This Government take very seriously the challenges women face in getting a diagnosis of endometriosis and in living with the symptoms. That is why it will be a priority area in the women’s health strategy.
My constituent Claire Ciano suffers from endometriosis. It has had a hugely detrimental effect on her career, thanks to the difficulty in getting diagnosed and the lack of treatment available. I commend the Minister on putting forward the women’s health strategy, but will she set out in further detail the steps she will take to raise awareness and improve treatment for sufferers of endometriosis?
The case of my hon. Friend’s constituent is unfortunately only too common. We know the average wait time for a diagnosis is around eight years. Unfortunately, while the National Institute for Health and Care Excellence’s published guidelines suggest how women should be diagnosed and the treatment they should receive, they are not mandatory. However, in the women’s health strategy we will strongly urge that they be followed.
I welcome the Minister’s comments. One of the biggest issues for women suffering from endometriosis is the lack of access to fertility treatment. She will know that I have been campaigning heavily for better access to, and regulation of, in vitro fertilisation treatment. Can she confirm that that will be a key priority in the women’s health strategy, and when can we expect an update to the Human Fertilisation and Embryology Act 1990, which is woefully out of date?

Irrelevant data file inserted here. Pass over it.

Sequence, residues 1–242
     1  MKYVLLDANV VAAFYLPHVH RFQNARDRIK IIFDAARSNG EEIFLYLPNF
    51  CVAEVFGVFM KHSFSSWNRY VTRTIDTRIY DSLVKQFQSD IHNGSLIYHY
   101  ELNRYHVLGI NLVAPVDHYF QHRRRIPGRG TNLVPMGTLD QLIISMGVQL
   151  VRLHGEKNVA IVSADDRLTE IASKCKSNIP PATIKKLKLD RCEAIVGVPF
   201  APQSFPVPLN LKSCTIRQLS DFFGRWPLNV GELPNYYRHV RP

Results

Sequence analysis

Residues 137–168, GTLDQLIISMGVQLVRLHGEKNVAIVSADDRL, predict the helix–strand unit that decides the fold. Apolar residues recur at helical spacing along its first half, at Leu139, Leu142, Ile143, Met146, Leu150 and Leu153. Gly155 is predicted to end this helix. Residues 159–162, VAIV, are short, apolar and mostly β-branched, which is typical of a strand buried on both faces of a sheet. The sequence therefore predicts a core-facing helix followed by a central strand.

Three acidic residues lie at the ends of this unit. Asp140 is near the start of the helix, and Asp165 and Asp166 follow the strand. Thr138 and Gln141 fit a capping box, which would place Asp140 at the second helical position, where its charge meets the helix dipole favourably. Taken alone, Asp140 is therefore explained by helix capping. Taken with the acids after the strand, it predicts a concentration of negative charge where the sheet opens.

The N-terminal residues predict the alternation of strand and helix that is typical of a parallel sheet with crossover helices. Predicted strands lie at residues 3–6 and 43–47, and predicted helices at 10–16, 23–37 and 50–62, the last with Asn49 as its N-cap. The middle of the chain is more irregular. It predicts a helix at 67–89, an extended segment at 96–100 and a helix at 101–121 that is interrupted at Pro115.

The hon. Lady has campaigned very hard on IVF. I can say that IVF will be in the women’s health strategy; IVF services are commissioned at a local level, but there is disparity in how they are commissioned in local areas, and we want to see consistency of service offered to women and partners.
I call the Chair of the Women and Equalities Committee, Caroline Nokes.
Endometriosis South Coast does brilliant work supporting women suffering from endometriosis, but it is seeking reassurance from the Minister that, when the women’s health ambassador is appointed, she will be a real champion for those affected by this condition and other women-only conditions that are so impactful on their to continue work. Can the Minister update the House on when the women’s health ambassador will be announced, given that we have been expecting the post since December?
I can reassure my right hon. Friend that the women’s health ambassador will be key in driving change, not just by raising awareness and confidence among women in coming forward for help, but by improving the services women receive, and she will have to wait only days, rather than weeks, before we release the name.